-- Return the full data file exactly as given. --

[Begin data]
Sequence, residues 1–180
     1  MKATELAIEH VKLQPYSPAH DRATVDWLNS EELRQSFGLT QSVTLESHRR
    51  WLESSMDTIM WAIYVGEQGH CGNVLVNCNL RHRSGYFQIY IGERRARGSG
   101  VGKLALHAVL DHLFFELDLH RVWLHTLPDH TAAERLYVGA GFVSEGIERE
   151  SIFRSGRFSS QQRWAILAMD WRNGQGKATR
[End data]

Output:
Sequence, residues 1–180
     1  MKATELAIEH VKLQPYSPAH DRATVDWLNS EELRQSFGLT QSVTLESHRR
    51  WLESSMDTIM WAIYVGEQGH CGNVLVNCNL RHRSGYFQIY IGERRARGSG
   101  VGKLALHAVL DHLFFELDLH RVWLHTLPDH TAAERLYVGA GFVSEGIERE
   151  SIFRSGRFSS QQRWAILAMD WRNGQGKATR